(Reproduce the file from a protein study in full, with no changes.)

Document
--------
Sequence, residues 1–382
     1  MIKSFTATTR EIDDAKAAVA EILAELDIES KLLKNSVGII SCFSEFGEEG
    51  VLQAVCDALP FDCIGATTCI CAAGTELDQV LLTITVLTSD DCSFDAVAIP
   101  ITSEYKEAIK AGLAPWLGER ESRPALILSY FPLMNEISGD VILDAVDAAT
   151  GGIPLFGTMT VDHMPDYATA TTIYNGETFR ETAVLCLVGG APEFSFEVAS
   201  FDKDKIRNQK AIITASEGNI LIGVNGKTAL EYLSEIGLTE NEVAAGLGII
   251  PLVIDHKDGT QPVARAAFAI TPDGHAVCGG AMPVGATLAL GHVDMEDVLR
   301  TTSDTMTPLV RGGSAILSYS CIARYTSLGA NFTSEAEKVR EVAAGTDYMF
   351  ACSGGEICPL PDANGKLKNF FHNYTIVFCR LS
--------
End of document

Sequence, residues 1–382
     1  MIKSFTATTR EIDDAKAAVA EILAELDIES KLLKNSVGII SCFSEFGEEG
    51  VLQAVCDALP FDCIGATTCI CAAGTELDQV LLTITVLTSD DCSFDAVAIP
   101  ITSEYKEAIK AGLAPWLGER ESRPALILSY FPLMNEISGD VILDAVDAAT
   151  GGIPLFGTMT VDHMPDYATA TTIYNGETFR ETAVLCLVGG APEFSFEVAS
   201  FDKDKIRNQK AIITASEGNI LIGVNGKTAL EYLSEIGLTE NEVAAGLGII
   251  PLVIDHKDGT QPVARAAFAI TPDGHAVCGG AMPVGATLAL GHVDMEDVLR
   301  TTSDTMTPLV RGGSAILSYS CIARYTSLGA NFTSEAEKVR EVAAGTDYMF
   351  ACSGGEICPL PDANGKLKNF FHNYTIVFCR LS